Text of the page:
The U.S. Senate is making gradual progress toward an extension of the federal Emergency Unemployment Compensation (EUC) program that expired Dec. 28, while 1.3 million unemployed Americans go on without that source of income.
Roughly 19,000 Missourians have received their final long-term unemployment compensation checks, said Tom Bastian of the Missouri Department of Labor, and the Center on Budget and Policy Priorities estimates a total of 84,500 Missourians could be without access to long-term jobless benefits by December 2014 without an EUC extension.
The EUC program, started in 2008 under the George W. Bush administration, offered extended federal unemployment benefits for those who met certain requirements after exhausting available state unemployment claims. During the program, unemployed Missourians could gain access to up to 28.6 additional weeks of compensation after reaching the maximum of 20 weeks on the state's program.
EUC eligibility requirements included registering for employment services with the state agency within the state you reside; seeking work that matches your skills, abilities and location; keeping a written record of your work search and providing it upon request; and potentially reporting to a career center for a reemployment and eligibility assessment, according to the Missouri Department of Labor website.
Missouri's unemployment rate has improved somewhat over recent years. The U.S. Department of Labor's Bureau of Labor Statistics reported a rate of 6.1 percent in the state for November 2013, down from its recession peak of 9.6 percent midway through 2009. Missouri's rate is slightly lower than the national rate of 7 percent in November 2013, improved from 10 percent at the recession's height in October 2010.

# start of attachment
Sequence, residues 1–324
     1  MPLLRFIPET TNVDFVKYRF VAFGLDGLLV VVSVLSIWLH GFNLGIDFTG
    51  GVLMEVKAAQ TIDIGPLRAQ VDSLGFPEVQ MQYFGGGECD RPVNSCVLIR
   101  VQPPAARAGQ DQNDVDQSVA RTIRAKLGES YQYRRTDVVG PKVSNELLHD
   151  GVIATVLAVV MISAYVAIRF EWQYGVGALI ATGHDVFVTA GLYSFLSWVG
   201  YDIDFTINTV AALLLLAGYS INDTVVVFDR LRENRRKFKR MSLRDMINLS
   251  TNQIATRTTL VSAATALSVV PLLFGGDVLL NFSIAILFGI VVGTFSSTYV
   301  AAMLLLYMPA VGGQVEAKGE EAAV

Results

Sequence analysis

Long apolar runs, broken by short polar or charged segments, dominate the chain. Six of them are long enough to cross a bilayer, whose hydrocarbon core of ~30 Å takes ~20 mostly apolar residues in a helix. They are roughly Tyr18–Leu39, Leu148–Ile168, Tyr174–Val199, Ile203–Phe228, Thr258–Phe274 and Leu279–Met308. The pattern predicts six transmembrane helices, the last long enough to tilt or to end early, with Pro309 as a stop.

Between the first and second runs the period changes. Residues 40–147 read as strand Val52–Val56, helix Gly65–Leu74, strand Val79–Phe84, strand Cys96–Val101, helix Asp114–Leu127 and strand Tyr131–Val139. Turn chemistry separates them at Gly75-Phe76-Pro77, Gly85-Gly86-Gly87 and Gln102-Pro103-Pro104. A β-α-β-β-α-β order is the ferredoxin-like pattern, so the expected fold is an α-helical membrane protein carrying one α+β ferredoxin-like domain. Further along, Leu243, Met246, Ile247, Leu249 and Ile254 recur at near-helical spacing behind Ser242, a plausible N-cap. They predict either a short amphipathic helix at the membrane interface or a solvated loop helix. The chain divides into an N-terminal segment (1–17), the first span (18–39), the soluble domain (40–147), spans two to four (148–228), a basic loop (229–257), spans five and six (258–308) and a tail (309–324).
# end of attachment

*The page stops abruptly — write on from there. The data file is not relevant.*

Unemployment rates in Lake Area counties are similar, with rates of 7.2 percent in Morgan County, 7.1 percent in Miller County and 7.3 percent in Camden County in November 2013, according to the Missouri Economic Research and Information Center. That's 634, 831 and 1,393 people unemployed in each county, respectively, or around 6 percent across the three counties.
Those who recently lost EUC benefits are more concerned with long-term unemployment. The average length of time spent unemployed across the United States was 37.2 weeks as of November 2013, with more than 4 million people unemployed for at least 27 weeks nationwide, according to the Bureau of Labor Statistics.
It is unclear whether Congress will pass a bill extending EUC benefits. The U.S. Senate agreed last Tuesday to move forward with a 90-day extension of the program with a $6.4 billion national price tag, but the bill still has to formally pass the Senate before facing the House of Representatives, which is controlled by Republicans, who are largely opposed to the extension.
The first step for Missourians who have lost unemployment benefits should be to consult a Missouri Career Center, Bastian said. The nearest career center for most Lake Area residents is in Linn Creek, with other nearby centers in Lebanon and Jefferson City.
"Whether a person is affected by the end of the federal EUC program or is looking for employment, Missouri Career Centers offer numerous reemployment services to help job seekers add skills or gain experience," he said. "With over 23,000 jobs posted, jobs.mo.gov is Missouri's largest job listing site."